Format

Send to

Choose Destination
Exp Neurol. 2014 Apr;254:109-20. doi: 10.1016/j.expneurol.2014.01.013. Epub 2014 Jan 24.

High-resolution intravital imaging reveals that blood-derived macrophages but not resident microglia facilitate secondary axonal dieback in traumatic spinal cord injury.

Author information

1
Department of Neurosciences, Case Western Reserve University School of Medicine, Cleveland, OH 44106, USA. Electronic address: teresa.evans@case.edu.
2
Department of Biomedical Engineering, Case Western Reserve University School of Medicine, Cleveland, OH 44106, USA; Department of Pediatrics, Case Western Reserve University School of Medicine, Cleveland, OH 44106, USA. Electronic address: deborah.sim@case.edu.
3
Department of Pediatrics, Case Western Reserve University School of Medicine, Cleveland, OH 44106, USA. Electronic address: jay.myers@case.edu.
4
Department of Neurosciences, Case Western Reserve University School of Medicine, Cleveland, OH 44106, USA. Electronic address: ehare@laurelschool.org.
5
Department of Neurosciences, Case Western Reserve University School of Medicine, Cleveland, OH 44106, USA. Electronic address: jxy268@case.edu.
6
Department of Neurosciences, Neuroinflammation Research Center, Lerner Research Institute, Cleveland Clinic Foundation, Cleveland, OH 44195, USA. Electronic address: ransohr@ccf.org.
7
Department of Pediatrics, Case Western Reserve University School of Medicine, Cleveland, OH 44106, USA. Electronic address: ayh3@case.edu.
8
Department of Neurosciences, Case Western Reserve University School of Medicine, Cleveland, OH 44106, USA. Electronic address: jxs10@case.edu.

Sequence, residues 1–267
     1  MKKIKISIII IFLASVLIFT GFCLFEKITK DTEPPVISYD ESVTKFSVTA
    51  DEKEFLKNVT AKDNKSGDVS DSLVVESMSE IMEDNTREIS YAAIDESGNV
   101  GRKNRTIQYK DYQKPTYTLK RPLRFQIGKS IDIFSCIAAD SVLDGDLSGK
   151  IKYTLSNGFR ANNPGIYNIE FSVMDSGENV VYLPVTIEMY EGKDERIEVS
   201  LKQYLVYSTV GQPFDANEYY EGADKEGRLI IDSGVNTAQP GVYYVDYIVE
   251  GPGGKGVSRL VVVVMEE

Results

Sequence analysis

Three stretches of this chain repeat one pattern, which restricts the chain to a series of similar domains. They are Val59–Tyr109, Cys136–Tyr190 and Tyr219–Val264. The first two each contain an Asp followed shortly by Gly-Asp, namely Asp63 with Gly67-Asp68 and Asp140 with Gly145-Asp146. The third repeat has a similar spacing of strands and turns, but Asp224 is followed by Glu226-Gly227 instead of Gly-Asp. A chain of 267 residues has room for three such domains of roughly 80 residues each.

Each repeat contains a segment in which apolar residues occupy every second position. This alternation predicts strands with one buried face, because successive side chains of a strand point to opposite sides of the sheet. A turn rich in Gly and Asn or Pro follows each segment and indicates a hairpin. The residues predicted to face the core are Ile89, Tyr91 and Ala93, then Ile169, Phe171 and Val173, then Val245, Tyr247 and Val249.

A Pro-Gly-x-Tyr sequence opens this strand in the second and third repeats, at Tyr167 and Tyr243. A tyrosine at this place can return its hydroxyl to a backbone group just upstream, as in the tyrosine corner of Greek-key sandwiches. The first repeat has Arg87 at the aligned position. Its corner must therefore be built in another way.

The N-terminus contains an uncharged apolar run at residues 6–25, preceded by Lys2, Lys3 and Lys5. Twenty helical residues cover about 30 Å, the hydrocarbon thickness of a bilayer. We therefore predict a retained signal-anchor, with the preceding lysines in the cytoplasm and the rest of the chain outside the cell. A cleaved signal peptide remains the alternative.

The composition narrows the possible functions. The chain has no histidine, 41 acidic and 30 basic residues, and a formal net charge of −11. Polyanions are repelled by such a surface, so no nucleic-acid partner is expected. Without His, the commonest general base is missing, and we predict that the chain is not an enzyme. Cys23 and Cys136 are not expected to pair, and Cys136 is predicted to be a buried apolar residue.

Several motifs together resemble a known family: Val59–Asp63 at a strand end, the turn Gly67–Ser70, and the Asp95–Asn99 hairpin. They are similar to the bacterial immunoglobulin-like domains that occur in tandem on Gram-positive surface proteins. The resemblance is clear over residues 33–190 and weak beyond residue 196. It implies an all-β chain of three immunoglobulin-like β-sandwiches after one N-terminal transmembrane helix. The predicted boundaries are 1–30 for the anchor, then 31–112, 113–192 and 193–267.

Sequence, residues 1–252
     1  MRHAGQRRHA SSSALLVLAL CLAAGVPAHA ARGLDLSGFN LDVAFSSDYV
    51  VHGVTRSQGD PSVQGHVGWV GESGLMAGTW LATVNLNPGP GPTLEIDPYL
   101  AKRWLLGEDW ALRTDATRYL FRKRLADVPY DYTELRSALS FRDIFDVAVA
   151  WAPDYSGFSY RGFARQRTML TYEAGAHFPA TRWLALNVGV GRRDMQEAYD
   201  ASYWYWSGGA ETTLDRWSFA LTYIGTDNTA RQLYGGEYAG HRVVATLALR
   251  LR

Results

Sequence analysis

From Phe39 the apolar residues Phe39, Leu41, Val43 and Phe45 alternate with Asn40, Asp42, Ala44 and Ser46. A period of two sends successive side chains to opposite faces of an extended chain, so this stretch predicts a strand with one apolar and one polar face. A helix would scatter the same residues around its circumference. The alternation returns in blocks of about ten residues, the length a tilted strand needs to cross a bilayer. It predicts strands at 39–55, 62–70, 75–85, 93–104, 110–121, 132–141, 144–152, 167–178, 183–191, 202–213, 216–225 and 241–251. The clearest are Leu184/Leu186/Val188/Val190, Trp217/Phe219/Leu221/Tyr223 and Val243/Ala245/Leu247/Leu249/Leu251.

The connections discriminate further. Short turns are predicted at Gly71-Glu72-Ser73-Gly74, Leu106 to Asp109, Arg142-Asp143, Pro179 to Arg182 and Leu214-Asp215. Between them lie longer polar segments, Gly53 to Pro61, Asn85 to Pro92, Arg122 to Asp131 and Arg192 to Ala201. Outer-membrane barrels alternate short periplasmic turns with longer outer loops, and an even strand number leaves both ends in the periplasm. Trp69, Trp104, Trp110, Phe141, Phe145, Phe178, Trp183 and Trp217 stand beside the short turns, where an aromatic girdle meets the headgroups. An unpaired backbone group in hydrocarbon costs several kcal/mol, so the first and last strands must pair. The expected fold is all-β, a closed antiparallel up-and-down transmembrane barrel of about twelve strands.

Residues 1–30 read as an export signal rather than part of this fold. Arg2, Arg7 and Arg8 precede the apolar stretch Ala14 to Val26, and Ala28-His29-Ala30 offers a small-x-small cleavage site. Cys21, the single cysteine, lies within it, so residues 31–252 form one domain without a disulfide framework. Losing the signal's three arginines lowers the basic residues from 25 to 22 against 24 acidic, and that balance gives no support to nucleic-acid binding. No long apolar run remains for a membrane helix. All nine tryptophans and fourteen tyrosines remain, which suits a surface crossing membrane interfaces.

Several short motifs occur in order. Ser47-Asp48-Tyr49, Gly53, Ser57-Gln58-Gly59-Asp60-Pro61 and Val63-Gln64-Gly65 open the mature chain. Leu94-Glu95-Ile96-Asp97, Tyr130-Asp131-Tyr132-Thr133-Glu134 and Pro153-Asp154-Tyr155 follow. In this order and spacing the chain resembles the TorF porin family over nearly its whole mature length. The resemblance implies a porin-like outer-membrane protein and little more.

Abstract

After traumatic spinal cord injury, functional deficits increase as axons die back from the center of the lesion and the glial scar forms. Axonal dieback occurs in two phases: an initial axon intrinsic stage that occurs over the first several hours and a secondary phase which takes place over the first few weeks after injury. Here, we examine the secondary phase, which is marked by infiltration of macrophages. Using powerful time-lapse multi-photon imaging, we captured images of interactions between Cx3cr1(+/GFP) macrophages and microglia and Thy-1(YFP) axons in a mouse dorsal column crush spinal cord injury model. Over the first few weeks after injury, axonal retraction bulbs within the lesion are static except when axonal fragments are lost by a blebbing mechanism in response to physical contact followed by phagocytosis by mobile Cx3Cr1(+/GFP) cells. Utilizing a radiation chimera model to distinguish marrow-derived cells from radio-resistant CNS-resident microglia, we determined that the vast majority of accumulated cells in the lesion are derived from the blood and only these are associated with axonal damage. Interestingly, CNS-resident Cx3Cr1(+/GFP) microglia did not increasingly accumulate nor participate in neuronal destruction in the lesion during this time period. Additionally, we found that the blood-derived cells consisted mainly of singly labeled Ccr2(+/RFP) macrophages, singly labeled Cx3Cr1(+/GFP) macrophages and a small population of double-labeled cells. Since all axon destructive events were seen in contact with a Cx3Cr1(+/GFP) cell, we infer that the CCR2 single positive subset is likely not robustly involved in axonal dieback. Finally, in our model, deletion of CCR2, a chemokine receptor, did not alter the position of axons after dieback. Understanding the in vivo cellular interactions involved in secondary axonal injury may lead to clinical treatment candidates involving modulation of destructive infiltrating blood monocytes.

KEYWORDS:

Axonal dieback; Bone marrow chimera mice; CCR2; CX3CR1; Macrophages; Microglia; Monocytes; Retraction bulb; Spinal cord injury; Two-photon microscopy

PMID:
24468477
PMCID:
PMC3954731
DOI:
10.1016/j.expneurol.2014.01.013
[Indexed for MEDLINE]
Free PMC Article

Supplemental Content

Full text links

Icon for Elsevier Science Icon for PubMed Central
Loading ...
Support Center